“So when you found me, was he, I mean did he. . .”
“Well, um, if you want to use that word. . . I guess. But was he? Was he doing it?”
“Okay, that’s what I thought. I mean, this whole night has kind of been a big blur, so I just wanted to make sure I wasn’t remembering things that didn’t happen. You know, blowing stuff out of proportion.”
She leaned toward him, laced her fingers together, and fixed her eyes on his. “Eric honey. The man slammed your head into a wall, felt you up, and tried to fuck you without your permission. You’re not blowing anything out of proportion.”
“Yeah. Right, right. Right.” He looked at the spot on the towel and brushed over it with the tip of his index finger.
“Do you want to call the police?”
He snorted. “And tell them what? That I hung out with a guy all night long, got totally shit-faced, and left the bar with him? And then when I wouldn’t go home with him, he got pissed and tried to screw me in the alley, and I was rescued by three drag queens? And, oh, by the way, his name’s Simon — sorry, no last name — and he’s staying in a hotel somewhere in the city. I’m sure they’ll get right on that.” He buried his face in the towel and coughed a few times. Then he took in a deep breath and held it. Despite his best efforts, he couldn’t exhale smoothly. The air chattered and stammered out of his lungs and then immediately made him feel like was starving for oxygen.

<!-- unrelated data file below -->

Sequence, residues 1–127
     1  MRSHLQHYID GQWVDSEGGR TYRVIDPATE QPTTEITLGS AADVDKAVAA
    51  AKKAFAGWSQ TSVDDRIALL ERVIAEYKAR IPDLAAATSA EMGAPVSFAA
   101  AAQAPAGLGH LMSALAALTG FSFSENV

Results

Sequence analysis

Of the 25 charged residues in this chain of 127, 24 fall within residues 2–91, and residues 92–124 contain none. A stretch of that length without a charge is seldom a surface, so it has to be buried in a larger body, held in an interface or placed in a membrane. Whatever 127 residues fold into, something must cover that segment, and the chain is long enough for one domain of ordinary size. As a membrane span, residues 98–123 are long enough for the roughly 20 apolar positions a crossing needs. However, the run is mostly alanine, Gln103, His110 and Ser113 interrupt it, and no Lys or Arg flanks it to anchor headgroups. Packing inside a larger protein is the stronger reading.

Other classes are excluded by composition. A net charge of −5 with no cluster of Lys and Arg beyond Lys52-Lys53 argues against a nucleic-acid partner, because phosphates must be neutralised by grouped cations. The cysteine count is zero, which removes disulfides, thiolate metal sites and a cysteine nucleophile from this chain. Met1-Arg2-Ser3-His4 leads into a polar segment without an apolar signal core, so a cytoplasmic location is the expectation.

Frangelica slipped off her stool and clicked across the floor, her heels making surprisingly little sound considering the towering edifice they were supporting. As she sat, Eric could here the sound of sequins dragging across the wooden chair next to him. A hand rested on his back.